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Déjeme escoger su cerebro: la historia de la lobotomía prefrontal

por Nancy Ryerson, Staff Writer | November 28, 2013
From the November 2013 issue of HealthCare Business News magazine

Today, most people would agree with the joke “I’d rather have a free bottle in front of me than a prefrontal lobotomy.” But for more than half a century, a lobotomy was no laughing matter and a somewhat common method of treating mental illness as well as other ailments like back pain, despite its tendency to cause permanent damage.

The first documented treatment was performed on Nov. 12, 1935 in Lisbon by Portuguese neurologist Antonio Egas Moniz. He called it leucotomy, from the Greek for “cutting white” because it targeted the brain’s connective white matter. With leucotomy, Moniz attempted to alter a patient’s behavior by drilling two holes in the skull and injecting pure alcohol into the frontal lobes of the brain to destroy the connective tissue. The treatment was based on research going back to the 19th century that found a link between the frontal lobes and behavior. For example, patients who had brain tumors removed from the frontal lobes experienced reduced mental health symptoms, at least according to the medical literature of the time.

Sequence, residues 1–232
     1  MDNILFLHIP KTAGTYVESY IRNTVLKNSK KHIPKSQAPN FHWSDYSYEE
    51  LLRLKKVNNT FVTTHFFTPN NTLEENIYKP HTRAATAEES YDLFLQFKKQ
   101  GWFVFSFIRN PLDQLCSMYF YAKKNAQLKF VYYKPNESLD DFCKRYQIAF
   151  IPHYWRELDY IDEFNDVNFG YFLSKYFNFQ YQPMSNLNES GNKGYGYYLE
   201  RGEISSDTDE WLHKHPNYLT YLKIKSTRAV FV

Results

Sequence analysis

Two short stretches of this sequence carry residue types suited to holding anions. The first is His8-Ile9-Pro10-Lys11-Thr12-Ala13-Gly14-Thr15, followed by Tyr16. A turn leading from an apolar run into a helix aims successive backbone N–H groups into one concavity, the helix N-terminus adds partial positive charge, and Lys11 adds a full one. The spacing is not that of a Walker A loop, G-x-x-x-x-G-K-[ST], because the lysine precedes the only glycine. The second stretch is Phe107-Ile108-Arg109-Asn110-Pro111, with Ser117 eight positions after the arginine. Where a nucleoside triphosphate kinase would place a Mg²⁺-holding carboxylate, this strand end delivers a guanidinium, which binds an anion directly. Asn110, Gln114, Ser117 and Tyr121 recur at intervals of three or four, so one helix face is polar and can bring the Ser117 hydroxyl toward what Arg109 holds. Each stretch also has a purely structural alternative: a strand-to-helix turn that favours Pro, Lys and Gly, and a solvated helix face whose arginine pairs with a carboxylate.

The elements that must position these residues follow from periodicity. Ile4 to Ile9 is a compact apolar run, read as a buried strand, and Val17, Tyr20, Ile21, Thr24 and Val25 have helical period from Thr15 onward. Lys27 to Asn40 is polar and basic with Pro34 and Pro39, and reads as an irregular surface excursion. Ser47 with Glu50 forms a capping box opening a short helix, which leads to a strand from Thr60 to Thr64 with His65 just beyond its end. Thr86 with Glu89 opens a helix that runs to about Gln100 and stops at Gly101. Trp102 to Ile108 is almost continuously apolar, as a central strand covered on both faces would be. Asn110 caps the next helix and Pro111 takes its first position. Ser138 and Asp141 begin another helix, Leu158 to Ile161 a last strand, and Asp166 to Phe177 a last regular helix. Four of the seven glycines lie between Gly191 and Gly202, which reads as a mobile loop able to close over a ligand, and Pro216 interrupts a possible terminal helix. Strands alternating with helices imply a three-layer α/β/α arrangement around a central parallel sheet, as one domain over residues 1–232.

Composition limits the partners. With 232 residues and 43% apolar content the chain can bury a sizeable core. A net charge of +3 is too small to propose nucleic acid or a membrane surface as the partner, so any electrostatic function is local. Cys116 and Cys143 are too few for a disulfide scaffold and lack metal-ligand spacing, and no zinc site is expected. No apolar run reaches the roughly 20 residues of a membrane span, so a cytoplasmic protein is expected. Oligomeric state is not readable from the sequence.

Moniz considered the procedure on his first patient, diagnosed with depression, to be a success, though she never left the hospital where the surgery was performed. Moniz treated his next seven patients in a similar way, using a surgical tool instead of alcohol to make the disconnection in his ninth patient.

American neurologist, Walter Freeman, met Moniz at a London neurology conference and was inspired by his work. On September 14, 1936, the procedure arrived in the United States. Along with his partner, neurosurgeon, James Watts, Freeman began performing what he called prefrontal lobotomy by surgically snipping the nerves connecting the prefrontal cortex to the hypothalamus. Later, Freeman would modify the procedure and insert an ice pick-like tool through the eye socket and into the brain with only the use of local anesthesia, a method Watts did not approve of. He eventually distanced himself from Freeman.

Freeman believed that cutting nerves in the brain would calm the patient and eliminate extreme emotions, a result he sometimes got. Overall, results were mixed; while some patients felt cured, others were reduced to a vegetative state.

Still, around 50,000 people in the United States received lobotomies, the majority of them between 1949 and 1952. Although lobotomies were criticized in scientific literature as early as the 1940s, they rose in popularity despite their dubious results in part because of a lack of alternative treatment for mental disorders. Moniz even won the Nobel Prize for Medicine in 1949 for his work.

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